7th July, 2023
Although the end of the financial year (EOFY) is here, you might be unconsciously trying to ignore that you must soon file your tax return.
While it’s natural to procrastinate about things we don’t love, sadly, this strategy won’t get us out of working on our taxes.
What might help, though, is better understanding the reasons why you might be procrastinating and knowing some tips for combating them.
One of the biggest reasons people don’t start work on their taxes sooner rather than later is overwhelm. This can stem from multiple factors.
For example, perhaps you haven’t had to do a tax return before, or you have a new business, new business structure (e.g., a company or trust), or new assets (e.g., shares or property) that you know are going to make it more complicated.
When this is the case, it’s easy to worry you don’t have enough skills or information to get the job done.
To combat this, start by making a list of your worries. List the things you don’t know and worry you’ll struggle with.
Once you have this list, you can create a plan to tackle every item on it.
Remember that information is plentiful these days, and you can learn a lot of data for free.
For example, check out the Australian Tax Office (ATO) website, where there is plentiful information, regardless of the type of business setup you might have.
Sometimes you might procrastinate over your tax return because you have to find all your relevant paperwork and/or have a mountain of receipts to sort through.
Quality systems streamline and automate many processes involved in keeping, tracking, sorting, and allocating receipts and other paperwork, like invoice payments, payroll details, etc.
You can use MYOB to take photos of your receipts while on the go, for instance, so you don’t have to worry about storing and finding them when it comes time to do your tax.
Plus, the software can automatically allocate expenses for you and help ensure all your numbers tally up at the end of each month, quarter, and at the end of the financial year.
Accounting programs can create invoices for you in just a few clicks, too, and send payment reminders to your customers, so you get paid quicker and can more easily see where you stand as far as accounts receivables go at the end of the financial year.
By investing a little time and effort into setting up accounting tech tools now, you will save yourself hundreds of hours long-term and ensure you keep good records for the future.
Sometimes, you might be well organised with your paperwork and have it all in one place, physically, but need to get it all to your accountant or bookkeeper because you’re getting them to go through it all for you.
To combat this, chat with your preferred professional about exactly what documents they need to see in person.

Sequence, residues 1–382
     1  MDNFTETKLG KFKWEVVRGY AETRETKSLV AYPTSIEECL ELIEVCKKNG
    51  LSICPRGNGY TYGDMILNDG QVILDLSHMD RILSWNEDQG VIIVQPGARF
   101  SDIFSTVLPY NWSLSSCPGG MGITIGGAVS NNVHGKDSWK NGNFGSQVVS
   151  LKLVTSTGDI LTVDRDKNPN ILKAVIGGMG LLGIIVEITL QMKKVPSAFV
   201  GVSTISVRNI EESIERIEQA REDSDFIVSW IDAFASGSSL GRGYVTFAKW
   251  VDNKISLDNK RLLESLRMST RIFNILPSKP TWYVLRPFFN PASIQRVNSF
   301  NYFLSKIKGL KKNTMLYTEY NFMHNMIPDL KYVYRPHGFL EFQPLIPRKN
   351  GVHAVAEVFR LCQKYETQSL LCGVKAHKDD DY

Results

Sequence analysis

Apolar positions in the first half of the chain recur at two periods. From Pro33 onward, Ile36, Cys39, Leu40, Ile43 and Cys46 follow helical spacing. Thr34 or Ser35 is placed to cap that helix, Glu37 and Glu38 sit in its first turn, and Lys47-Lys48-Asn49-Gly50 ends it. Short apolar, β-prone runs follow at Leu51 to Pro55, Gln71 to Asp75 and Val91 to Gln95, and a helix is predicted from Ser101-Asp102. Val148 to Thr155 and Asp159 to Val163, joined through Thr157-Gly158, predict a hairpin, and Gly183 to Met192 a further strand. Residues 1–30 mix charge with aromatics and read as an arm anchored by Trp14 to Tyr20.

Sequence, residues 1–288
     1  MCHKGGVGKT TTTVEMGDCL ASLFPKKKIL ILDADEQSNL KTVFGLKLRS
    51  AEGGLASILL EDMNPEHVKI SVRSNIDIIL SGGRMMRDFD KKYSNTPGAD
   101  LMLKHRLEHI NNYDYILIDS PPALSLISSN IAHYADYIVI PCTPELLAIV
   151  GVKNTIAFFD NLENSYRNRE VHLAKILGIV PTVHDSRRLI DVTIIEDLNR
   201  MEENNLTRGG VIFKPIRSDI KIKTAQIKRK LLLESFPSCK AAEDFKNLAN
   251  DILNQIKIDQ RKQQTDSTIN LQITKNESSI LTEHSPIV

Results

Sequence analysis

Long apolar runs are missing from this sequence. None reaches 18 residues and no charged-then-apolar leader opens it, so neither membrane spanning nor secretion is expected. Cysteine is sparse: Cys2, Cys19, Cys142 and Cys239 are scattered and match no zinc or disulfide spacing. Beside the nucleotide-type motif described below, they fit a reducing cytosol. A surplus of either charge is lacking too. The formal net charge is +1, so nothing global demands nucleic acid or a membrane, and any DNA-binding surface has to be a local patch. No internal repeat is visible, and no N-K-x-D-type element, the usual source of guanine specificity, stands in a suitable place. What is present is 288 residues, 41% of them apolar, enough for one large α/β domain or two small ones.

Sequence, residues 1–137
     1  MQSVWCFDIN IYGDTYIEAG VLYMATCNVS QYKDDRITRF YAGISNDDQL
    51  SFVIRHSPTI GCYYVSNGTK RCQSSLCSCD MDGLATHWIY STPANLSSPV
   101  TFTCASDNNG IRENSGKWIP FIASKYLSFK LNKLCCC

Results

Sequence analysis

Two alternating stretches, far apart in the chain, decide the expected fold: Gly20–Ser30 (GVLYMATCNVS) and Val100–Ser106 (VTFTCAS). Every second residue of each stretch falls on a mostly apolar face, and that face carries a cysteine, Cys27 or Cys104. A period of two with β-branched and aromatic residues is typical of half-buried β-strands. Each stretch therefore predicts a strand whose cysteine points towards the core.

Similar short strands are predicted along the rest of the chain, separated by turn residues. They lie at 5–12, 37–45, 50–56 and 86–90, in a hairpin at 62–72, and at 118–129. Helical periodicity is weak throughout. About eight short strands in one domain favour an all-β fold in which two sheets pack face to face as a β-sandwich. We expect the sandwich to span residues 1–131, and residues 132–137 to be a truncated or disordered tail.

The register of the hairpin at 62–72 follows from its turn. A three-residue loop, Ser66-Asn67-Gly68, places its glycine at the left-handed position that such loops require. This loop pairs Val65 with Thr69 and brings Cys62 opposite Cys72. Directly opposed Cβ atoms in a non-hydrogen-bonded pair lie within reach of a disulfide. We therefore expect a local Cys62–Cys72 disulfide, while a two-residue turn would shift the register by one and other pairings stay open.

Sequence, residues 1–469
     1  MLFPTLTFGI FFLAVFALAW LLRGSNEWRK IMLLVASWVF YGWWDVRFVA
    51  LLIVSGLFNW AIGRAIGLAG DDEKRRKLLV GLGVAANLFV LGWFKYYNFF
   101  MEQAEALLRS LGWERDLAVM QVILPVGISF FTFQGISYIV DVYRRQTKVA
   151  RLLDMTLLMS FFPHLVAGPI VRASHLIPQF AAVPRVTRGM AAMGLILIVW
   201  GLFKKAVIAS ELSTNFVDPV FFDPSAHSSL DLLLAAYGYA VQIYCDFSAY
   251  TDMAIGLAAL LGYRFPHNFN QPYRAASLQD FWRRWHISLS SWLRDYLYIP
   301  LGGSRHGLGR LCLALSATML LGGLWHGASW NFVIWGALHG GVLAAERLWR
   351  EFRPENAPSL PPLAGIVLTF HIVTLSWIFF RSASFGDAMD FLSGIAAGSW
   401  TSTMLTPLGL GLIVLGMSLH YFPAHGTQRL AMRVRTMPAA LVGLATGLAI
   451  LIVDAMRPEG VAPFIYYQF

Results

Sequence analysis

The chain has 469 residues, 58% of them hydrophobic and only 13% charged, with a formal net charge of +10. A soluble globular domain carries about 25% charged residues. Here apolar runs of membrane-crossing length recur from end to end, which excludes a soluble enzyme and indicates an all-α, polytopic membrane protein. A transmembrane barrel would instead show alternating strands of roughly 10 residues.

You might be surprised by what they can glean by accessing your accounting program or other reporting or financial information.
Many tech tools can be set up so you can give external contractors limited view-only logins (or more accessible ones as needed).
Plus, sometimes the government can view and compile a lot of information that your accountant can, in turn, see that you won’t need to pass on to them as a result.
For instance, this might include health fund and superannuation details, interest earnings from bank accounts, and share trading information.
Another reason you might procrastinate over your tax return is that you think you don’t need to. Or you’re not sure about filing a return and figure you can put off finding out until later.
However, it’s important to understand the ATO requires you to lodge a tax return even if your business hasn’t earned any income for the past financial year.
According to the ATO website, “There’s no threshold for business income, so you need to lodge an income tax return even if you only earn $1.
“What you need to report and how you lodge your annual tax return for your business depends on your type of business entity.”
So, even if you operate as a sole trader, you must lodge a return, whether you earn below the tax-free threshold or not.
Perhaps you procrastinate over your tax return because you’re worried about having a debt to pay.
While this may be a legitimate concern, remember you won’t actually know until you lodge your return.
You could be surprised with a refund or only owe an easily manageable amount once all your expenses are properly factored in.
If not, and you do owe the ATO money, don’t stress about being unable to pay the whole amount immediately.
The tax office will usually be able to set you up with a payment schedule so you have time to pay the debt off.
Plus, when you submit your return on time and are honest about all its elements, you’ll find that the ATO is also very reasonable regarding paying off overdue taxes.
It’s much better to complete your taxes ASAP and then make a plan (if necessary) for paying a debt than to bury your head in the sand and accumulate extra charges via late fines and other fees.
Tax time can be daunting and feel like a lot of work, but you can take steps to tackle procrastination and get your tax return done ASAP and with fewer headaches.
Keep reminding yourself that the sooner you start, the sooner you’ll be finished, and make a plan to get there.